A dozen top federal departments and agencies have gone without Inspectors General (IG) — the government’s front line of defense against waste and fraud — for more than two years on average, including the Department of Interior, which has been without a permanent watchdog for 8.5 years, according to data compiled by the Project on Government Oversight.
The IGs expose hundreds of billions of dollars in wasteful spending and government misconduct every year. They also recommend to the Department of Justice prosecution of hundreds of public and private sector workers accused of defrauding taxpayers.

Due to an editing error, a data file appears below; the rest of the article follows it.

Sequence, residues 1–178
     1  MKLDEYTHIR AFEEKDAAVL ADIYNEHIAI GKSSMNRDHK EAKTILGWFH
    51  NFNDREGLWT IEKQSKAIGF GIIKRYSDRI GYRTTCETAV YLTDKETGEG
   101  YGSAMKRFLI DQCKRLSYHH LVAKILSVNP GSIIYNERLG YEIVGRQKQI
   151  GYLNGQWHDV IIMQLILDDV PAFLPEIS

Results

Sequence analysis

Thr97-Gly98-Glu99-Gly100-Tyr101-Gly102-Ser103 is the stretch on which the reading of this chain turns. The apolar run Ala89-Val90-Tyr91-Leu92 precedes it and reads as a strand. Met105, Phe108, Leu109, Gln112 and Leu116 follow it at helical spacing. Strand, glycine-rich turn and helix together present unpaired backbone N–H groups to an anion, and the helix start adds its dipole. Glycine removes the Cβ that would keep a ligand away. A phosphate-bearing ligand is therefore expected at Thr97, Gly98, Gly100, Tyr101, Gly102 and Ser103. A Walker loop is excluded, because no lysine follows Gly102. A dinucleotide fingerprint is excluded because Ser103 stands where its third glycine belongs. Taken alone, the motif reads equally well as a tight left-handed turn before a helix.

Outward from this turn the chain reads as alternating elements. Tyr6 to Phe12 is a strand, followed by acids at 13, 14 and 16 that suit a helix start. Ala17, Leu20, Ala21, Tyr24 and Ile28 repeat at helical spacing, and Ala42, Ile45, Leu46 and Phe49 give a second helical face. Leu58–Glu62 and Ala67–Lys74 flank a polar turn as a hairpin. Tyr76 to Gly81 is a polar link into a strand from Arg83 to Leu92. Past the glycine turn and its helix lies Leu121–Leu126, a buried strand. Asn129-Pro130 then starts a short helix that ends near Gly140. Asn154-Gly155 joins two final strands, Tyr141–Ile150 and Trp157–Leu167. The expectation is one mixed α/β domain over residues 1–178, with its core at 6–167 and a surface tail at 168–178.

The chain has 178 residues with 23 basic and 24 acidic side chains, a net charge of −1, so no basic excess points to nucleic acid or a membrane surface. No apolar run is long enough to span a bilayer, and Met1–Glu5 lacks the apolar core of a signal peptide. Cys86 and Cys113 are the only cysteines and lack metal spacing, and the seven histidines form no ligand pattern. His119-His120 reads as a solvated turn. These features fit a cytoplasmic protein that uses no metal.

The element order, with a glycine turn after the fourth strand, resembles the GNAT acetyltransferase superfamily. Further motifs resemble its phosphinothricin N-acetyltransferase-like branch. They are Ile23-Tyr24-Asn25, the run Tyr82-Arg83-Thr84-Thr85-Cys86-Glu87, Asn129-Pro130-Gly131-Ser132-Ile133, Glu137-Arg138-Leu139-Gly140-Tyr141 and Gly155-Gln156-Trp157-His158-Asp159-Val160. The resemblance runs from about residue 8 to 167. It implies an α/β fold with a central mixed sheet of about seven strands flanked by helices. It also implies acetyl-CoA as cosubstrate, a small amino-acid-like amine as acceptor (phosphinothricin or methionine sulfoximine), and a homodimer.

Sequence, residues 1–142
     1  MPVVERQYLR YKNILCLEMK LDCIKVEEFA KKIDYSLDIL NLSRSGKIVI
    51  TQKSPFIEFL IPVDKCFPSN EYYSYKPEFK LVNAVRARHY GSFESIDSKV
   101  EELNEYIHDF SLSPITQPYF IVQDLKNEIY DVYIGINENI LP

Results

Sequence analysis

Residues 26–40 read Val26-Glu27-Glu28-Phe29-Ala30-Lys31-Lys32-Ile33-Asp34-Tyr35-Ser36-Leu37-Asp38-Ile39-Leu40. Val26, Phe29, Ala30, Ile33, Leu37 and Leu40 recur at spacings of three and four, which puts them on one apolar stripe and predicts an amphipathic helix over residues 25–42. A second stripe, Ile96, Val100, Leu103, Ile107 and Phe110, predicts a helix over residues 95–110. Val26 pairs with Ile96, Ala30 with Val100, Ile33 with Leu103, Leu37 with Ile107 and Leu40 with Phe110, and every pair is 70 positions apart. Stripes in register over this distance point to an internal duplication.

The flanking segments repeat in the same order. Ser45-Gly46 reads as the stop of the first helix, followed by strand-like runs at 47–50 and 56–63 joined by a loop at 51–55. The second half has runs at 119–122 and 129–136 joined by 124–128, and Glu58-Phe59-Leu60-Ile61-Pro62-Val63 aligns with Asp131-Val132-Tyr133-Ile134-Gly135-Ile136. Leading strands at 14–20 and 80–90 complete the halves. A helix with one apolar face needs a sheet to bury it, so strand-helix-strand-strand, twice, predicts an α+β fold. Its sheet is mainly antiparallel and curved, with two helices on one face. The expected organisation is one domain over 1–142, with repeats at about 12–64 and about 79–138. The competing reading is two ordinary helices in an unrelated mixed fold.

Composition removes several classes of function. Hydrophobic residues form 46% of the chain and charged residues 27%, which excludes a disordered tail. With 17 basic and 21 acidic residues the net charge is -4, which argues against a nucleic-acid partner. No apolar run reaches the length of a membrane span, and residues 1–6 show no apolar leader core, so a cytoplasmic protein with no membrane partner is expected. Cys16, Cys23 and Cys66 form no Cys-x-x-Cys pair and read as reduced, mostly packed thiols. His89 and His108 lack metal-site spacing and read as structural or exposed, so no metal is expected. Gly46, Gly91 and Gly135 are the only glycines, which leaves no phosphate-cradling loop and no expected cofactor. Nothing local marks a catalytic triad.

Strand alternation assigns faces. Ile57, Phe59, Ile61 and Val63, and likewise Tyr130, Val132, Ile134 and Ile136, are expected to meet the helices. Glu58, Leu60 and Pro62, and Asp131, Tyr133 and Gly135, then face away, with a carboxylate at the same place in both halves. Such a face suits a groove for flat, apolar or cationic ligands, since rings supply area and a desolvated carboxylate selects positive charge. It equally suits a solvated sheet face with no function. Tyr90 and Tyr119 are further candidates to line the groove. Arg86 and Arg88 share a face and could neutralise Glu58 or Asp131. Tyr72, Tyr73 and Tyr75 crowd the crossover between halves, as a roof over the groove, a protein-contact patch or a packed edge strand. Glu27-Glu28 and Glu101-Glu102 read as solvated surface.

The IG system was created by the 1978 Civil Service Reform Act after corrupt and incompetent General Services Administration employees approved hundreds of millions of dollars worth of fraudulent invoices for furniture, painting walls and performing repairs and maintenance in federal facilities, computers and other office equipment and supplies.
In addition to the 8.5 years the Interior Department has been without a presidentially-appointed and Senate-confirmed top watchdog, there has been an IG vacancy at the Export-Import Bank of the U.S. for 3.3 years, according to POGO.
The Central Intelligence Agency has lacked a permanent IG for 2.6 years, while the vacancy has existed at the …
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